A woman starts a new life and finds scraps of paper hidden in her new house from children who disappeared thirty years before with their mother. Can she unravel the mystery of what happened to them?
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Abigail Sutton’s beloved husband walks out one night, doesn’t return, and two years later is found dead, a victim of a long ago crime. It’s made her sympathetic to the missing and their families.
Starting her new life, Abigail moves to small town and buys a fixer-upper house left empty when old Edna Summers died. Once it was also home to Edna’s younger sister, Emily, and her two children, Jenny and Christopher, who, people believe, drove away one night, thirty years ago, and just never came back.
But in renovating the house Abigail finds scraps of paper hidden behind baseboards and tucked beneath the porch that hint the three could have been victims of foul play.
Then she finds their graves hidden in the woods behind the house and with the help of eccentric townspeople and ex-homicide detective, Frank Lester, she discovers the three were murdered. Then she and Frank try to uncover who killed them and why…but in the process awaken the ire of the murderer. ***
“I promise, Frank. Good night.” She hung up, put the letters away, took the wooden stick from the closet, and went to bed, Snowball at her heels. The house was shaking and the rain was a steady roar coming down. Every few seconds the house lit up from the lightning. It felt so good to be home, warm, dry and safe.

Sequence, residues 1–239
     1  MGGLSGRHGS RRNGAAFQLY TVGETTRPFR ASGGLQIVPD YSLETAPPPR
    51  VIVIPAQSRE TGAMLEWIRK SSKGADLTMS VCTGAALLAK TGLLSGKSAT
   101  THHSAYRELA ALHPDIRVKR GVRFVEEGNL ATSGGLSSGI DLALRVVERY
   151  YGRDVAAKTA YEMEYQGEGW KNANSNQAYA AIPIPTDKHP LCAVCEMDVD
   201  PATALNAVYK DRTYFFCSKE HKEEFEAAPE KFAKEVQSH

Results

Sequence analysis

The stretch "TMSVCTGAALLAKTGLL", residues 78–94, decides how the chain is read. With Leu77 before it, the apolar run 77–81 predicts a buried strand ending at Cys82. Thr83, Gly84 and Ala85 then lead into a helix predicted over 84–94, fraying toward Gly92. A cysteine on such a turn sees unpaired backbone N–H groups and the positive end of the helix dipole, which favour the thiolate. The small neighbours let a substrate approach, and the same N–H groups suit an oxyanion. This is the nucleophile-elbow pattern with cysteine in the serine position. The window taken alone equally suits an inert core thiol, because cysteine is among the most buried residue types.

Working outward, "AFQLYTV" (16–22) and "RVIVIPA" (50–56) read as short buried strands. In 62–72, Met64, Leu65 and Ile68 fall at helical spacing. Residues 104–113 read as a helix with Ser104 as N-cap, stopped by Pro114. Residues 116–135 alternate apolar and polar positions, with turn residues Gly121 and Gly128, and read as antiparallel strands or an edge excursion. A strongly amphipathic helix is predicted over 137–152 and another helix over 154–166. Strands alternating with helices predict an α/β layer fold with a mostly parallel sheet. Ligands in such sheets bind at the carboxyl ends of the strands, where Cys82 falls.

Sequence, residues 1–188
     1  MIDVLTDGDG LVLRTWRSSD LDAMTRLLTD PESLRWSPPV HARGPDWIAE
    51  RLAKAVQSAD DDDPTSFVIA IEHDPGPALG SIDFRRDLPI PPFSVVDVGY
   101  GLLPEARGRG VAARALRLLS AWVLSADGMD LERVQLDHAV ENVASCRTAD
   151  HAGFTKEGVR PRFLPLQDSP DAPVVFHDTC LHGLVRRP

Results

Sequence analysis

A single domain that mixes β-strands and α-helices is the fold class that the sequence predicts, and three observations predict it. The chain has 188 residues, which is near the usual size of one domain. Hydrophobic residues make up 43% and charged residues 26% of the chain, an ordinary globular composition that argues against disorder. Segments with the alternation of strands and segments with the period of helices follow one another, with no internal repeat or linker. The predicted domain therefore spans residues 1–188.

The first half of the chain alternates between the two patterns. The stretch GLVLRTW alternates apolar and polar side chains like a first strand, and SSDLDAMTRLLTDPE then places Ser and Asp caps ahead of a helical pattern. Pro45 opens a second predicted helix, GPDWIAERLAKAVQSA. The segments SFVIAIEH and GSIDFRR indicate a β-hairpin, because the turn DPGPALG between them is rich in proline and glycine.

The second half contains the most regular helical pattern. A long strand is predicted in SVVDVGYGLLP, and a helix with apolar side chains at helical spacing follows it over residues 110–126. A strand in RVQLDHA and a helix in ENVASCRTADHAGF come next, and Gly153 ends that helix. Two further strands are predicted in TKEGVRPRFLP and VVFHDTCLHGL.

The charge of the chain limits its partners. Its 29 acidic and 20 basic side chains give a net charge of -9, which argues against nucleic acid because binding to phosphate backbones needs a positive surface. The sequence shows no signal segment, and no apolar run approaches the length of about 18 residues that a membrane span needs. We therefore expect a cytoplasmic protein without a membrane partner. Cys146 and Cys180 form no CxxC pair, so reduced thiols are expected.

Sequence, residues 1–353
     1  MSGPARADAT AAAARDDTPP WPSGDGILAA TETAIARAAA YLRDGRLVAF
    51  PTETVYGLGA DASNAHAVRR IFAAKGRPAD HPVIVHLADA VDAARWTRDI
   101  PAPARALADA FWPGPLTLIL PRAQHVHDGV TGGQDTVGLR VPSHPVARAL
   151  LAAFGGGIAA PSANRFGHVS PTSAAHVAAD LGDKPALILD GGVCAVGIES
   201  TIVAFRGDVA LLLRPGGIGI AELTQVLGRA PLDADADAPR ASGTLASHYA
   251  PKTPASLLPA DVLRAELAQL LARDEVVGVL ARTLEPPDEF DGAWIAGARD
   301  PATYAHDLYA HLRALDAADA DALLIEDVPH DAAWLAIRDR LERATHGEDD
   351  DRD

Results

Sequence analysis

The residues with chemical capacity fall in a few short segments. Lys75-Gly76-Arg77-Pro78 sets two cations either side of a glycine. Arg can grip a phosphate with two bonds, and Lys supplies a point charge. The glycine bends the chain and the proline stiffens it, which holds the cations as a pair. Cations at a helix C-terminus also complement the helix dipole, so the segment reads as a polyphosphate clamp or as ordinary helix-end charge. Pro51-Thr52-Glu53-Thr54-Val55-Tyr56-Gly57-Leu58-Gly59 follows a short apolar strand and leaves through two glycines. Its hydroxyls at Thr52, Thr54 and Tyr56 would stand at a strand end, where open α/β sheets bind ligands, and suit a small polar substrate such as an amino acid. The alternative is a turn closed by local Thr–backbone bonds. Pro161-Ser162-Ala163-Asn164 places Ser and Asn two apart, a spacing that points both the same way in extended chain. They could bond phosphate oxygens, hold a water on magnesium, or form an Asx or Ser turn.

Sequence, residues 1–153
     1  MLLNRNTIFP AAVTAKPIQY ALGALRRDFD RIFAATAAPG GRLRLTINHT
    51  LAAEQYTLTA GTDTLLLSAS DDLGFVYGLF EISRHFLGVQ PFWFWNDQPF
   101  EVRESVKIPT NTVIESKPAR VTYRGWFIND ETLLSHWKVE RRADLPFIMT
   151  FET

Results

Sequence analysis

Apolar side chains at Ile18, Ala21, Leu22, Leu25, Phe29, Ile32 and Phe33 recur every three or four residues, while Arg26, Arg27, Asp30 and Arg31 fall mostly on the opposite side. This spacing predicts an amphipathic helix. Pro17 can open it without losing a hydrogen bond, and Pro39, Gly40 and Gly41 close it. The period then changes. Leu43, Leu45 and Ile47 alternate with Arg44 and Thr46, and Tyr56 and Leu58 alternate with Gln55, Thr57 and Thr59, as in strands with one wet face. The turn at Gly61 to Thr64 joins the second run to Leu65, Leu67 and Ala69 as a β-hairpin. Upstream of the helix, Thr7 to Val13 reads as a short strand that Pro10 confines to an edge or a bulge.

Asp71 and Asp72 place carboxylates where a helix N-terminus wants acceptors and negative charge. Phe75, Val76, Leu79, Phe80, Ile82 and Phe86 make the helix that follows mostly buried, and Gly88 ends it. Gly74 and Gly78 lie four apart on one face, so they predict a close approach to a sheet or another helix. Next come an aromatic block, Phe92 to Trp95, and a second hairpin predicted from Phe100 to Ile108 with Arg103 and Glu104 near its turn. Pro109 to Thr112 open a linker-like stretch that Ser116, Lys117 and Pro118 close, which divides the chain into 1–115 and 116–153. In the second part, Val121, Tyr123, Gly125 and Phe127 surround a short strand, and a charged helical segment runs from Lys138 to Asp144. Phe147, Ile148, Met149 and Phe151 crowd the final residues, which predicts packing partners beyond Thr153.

She dreamed she was walking in the woods behind her house through the storm and her nightgown wasn’t getting wet. Her hair flew wildly about her head and her hands came up to push the strands away from her face so she could see. Limbs tumbled around and past her and the lightning illuminated her way. Her feet were taking her somewhere she didn’t know. She heard childish laughter and when she looked over her shoulder there were two children dancing around her in the rain, their flaxen hair a corona around their small heads, their eyes sapphires in the dark. Their feet were bare and clothes translucent. Beautiful fairy children. Jenny and Christopher.
She followed them through the night woods to the tree house as the thunder rocked the ground. The children ran to her, their grasp soft as a cloud; their touch made her smile. They were like her own children she’d come to know them so well. Their eyes were melancholy and happy all at once.
“Watch and remember,” they spoke together. Lightning spiraled down from the churning ebony sky, through the branches, and hit the ground around the tree house. The girl ran to the base of the tree, dug around in the muddy dirt, snatched up a glass jar and showed it to Abigail as the rain cascaded around her. She smiled a ghostly smile. In the jar there were pieces of paper. The girl’s form wavered in the misty air and evaporated. The glass jar fell and burst into a hundred pieces of glass and the scraps of paper rose into the wet night and fluttered off like rain birds.
Christopher put something tiny and lumpy into her hand, smiled and vanished into his grave again. When she looked she saw one of his tiny green dinosaur toys lying in her palm. She closed her eyes for a moment, two.
When Abigail opened them she was in her bed and it was morning. No storm, no rain. The sun was bright above. She got up, made coffee and drank a fast cup; dressed, pulled boots on and headed into the wet woods. She had no trouble finding the tree house in the daylight. Lightning had struck and it was split down the center. She’d brought a shovel and begun to dig where her dream Jenny had dug. It took a while, but she found a buried jar with the missing diary pages in it. Hurrying home, she washed the jar off and opened it over the kitchen sink.
Inside there were the missing pages covering the last two weeks from the diary and a tiny green toy dinosaur. She read the pages. ***